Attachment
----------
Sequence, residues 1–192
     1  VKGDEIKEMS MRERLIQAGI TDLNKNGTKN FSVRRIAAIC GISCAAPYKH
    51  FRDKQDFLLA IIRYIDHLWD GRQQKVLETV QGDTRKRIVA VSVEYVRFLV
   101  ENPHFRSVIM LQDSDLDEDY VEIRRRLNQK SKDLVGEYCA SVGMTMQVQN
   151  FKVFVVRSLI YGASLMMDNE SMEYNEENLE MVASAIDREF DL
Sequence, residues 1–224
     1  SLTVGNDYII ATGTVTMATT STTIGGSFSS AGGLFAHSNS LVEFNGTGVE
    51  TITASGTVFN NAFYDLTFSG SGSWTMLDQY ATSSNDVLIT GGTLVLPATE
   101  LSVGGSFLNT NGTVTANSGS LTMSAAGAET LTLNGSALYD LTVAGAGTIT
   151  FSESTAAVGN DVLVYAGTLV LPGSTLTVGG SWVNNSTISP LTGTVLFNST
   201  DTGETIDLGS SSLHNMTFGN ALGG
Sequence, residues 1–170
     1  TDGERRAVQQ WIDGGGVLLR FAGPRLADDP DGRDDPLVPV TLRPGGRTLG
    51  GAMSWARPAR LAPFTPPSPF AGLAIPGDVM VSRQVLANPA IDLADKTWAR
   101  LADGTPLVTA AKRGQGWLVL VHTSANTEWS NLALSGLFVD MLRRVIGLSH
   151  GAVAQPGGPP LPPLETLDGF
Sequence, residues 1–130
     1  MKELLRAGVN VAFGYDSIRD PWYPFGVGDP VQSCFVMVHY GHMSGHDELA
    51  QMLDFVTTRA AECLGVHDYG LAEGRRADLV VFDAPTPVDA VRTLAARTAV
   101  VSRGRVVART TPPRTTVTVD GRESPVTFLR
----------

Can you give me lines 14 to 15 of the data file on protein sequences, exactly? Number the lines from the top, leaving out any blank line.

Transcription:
    51  GAMSWARPAR LAPFTPPSPF AGLAIPGDVM VSRQVLANPA IDLADKTWAR
   101  LADGTPLVTA AKRGQGWLVL VHTSANTEWS NLALSGLFVD MLRRVIGLSH